Loan disbursements at Brazil's state development bank BNDES will miss their initial target for the year, reflecting a rapid economic slowdown in Latin America's largest economy, the lender's top executive said on Monday.
The Rio de Janeiro-based bank will likely lend 140 billion Reais (83 billion dollars) to 145 billion Reais, below the original estimate that put lending at year-end between 145 billion and 147 billion Reais, bank President Luciano Coutinho said at a news conference.
If confirmed, the drop in disbursements would result in the first annual decline since 2008, providing a clear sign Brazil’s lending boom has moderated. Disbursements slumped 22% in the 12 months ended in September to a total of 132.23 billion Reais (78 billion dollars), BNDES said earlier.
The bank, often described by the government as the only major long-term lender in Brazil, doled out less credit after industrial companies reworked or cancelled requests for new loans.
The pace at which lending is growing indicates that disbursements could come below our original guidance, Coutinho told reporters in Rio de Janeiro.
His warning underscores the speed at which Brazil's economy is slowing down, enhancing BNDES' efforts earlier this year to withdraw part of the emergency credit lines it extended in the aftermath of the global financial crisis of 2008-2009.
The economy, which last year expanded at 7.5% -- the fastest growth in 24 years, -- is unlikely to grow more than 3% this year, some analysts said.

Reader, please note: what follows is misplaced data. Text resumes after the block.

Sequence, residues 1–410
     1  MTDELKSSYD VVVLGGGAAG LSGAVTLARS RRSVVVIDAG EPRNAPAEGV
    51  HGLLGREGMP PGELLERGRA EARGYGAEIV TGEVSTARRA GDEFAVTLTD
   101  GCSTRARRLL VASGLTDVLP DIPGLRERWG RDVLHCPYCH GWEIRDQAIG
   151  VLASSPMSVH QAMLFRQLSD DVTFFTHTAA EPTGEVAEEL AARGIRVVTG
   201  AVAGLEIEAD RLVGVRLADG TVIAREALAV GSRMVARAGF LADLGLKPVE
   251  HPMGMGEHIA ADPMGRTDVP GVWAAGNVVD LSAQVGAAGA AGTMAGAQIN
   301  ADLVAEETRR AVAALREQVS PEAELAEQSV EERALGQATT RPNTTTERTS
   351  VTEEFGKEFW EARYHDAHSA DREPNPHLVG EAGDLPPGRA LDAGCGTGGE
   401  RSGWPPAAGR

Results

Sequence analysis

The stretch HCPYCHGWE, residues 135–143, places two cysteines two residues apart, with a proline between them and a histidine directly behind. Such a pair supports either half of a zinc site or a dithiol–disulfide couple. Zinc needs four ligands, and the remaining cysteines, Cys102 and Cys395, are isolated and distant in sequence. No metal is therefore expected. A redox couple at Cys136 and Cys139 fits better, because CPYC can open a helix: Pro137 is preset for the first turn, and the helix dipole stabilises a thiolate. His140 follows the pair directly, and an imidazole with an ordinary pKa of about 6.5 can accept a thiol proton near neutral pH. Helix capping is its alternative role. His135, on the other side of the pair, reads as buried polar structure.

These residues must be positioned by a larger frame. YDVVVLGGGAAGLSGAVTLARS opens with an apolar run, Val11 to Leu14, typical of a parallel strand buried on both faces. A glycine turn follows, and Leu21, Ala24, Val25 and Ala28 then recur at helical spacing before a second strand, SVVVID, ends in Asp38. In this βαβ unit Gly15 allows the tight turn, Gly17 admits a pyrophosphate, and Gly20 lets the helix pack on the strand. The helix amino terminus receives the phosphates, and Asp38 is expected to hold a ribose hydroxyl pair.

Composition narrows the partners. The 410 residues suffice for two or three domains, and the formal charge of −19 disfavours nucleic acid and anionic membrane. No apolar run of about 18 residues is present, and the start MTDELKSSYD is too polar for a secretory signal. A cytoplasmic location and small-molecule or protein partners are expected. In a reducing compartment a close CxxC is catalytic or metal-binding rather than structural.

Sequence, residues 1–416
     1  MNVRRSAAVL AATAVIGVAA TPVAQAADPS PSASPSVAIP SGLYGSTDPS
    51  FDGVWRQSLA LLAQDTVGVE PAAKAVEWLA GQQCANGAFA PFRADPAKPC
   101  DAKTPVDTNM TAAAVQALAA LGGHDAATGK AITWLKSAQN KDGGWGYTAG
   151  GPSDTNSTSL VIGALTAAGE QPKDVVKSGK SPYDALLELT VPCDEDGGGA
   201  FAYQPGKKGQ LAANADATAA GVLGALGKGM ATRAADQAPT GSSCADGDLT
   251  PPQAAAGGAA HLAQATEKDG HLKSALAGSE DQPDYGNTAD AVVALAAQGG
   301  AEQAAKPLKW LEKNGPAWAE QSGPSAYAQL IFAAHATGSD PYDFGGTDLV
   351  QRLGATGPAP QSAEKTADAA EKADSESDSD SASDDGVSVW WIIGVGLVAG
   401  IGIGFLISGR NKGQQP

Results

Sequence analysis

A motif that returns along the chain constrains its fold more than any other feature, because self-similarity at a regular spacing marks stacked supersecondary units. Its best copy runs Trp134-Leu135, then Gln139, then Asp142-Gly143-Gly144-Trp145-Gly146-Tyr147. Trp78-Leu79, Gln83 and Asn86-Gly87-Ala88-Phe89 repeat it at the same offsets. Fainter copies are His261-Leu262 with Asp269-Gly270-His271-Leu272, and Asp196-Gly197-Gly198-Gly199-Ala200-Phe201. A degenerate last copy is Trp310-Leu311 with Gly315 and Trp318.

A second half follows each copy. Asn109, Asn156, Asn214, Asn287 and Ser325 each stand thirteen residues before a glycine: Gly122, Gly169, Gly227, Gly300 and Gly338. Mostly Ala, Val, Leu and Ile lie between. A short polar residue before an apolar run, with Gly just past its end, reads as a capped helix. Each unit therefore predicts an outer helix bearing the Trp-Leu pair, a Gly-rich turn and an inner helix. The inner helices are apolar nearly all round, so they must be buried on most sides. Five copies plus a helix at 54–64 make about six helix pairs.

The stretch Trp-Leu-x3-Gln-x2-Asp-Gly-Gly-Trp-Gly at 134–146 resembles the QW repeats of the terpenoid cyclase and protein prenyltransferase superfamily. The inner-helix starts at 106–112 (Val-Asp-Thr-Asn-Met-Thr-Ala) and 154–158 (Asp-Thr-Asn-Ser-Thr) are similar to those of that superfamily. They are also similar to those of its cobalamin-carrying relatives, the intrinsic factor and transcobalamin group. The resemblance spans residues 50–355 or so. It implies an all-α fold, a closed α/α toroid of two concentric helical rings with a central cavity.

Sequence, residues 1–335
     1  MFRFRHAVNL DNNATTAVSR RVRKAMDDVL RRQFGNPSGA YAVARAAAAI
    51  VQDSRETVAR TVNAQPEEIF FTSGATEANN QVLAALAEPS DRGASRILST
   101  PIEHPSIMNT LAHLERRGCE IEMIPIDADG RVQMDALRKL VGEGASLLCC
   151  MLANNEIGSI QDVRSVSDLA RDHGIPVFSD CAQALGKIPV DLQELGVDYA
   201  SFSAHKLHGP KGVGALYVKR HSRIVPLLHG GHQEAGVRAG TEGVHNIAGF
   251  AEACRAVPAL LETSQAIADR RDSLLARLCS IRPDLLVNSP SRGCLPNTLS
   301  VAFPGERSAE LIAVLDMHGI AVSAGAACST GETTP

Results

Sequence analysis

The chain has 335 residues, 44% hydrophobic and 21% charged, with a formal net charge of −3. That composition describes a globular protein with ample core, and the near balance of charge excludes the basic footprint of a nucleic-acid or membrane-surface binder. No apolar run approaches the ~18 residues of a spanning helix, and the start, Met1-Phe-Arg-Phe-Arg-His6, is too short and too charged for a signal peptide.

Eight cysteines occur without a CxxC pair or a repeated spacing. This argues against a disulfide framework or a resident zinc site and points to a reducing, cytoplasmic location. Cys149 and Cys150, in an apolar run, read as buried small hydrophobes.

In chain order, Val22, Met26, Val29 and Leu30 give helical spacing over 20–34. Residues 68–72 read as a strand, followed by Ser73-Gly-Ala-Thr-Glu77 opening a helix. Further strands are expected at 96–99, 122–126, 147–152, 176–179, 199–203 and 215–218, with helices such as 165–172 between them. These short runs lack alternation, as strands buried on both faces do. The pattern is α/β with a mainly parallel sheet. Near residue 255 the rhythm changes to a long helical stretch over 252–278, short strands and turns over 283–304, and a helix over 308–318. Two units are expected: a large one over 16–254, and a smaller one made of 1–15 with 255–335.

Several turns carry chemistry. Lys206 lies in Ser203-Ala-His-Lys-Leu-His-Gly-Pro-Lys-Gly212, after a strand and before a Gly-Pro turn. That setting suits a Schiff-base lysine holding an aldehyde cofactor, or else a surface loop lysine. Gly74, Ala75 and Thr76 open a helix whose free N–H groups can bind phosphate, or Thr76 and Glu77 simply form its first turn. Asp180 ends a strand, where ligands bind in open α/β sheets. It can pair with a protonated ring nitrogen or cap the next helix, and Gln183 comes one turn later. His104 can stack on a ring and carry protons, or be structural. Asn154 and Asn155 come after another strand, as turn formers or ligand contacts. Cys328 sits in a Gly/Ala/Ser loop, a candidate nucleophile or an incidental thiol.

Credit to the largest companies dropped 34% in the 12 months ending on September 30, while credit to industrial companies slumped 47% in the same period, BNDES said. The latter represented about one-third of total credit disbursements in the period, worth a total of 42.3 billion Reais.
Disbursements to small- and mid-sized firms rose a meagre 2%, while lending to the smallest companies gained 25% in the period.
The numbers accompany signs that central bank interest-rate hikes and credit curbs in the first half of the year finally put the brakes on the nation's torrid credit expansion.
The central bank reversed the course of its policy late in August by slashing rates for the first time in two years in order to cushion Latin America's largest economy against the impact of a slowdown in the world's richest nations.
The drop also reflected a high base of comparison, BNDES said. In the first nine months of this year, lending fell 28% to 91.82 billion Reais, the bank added.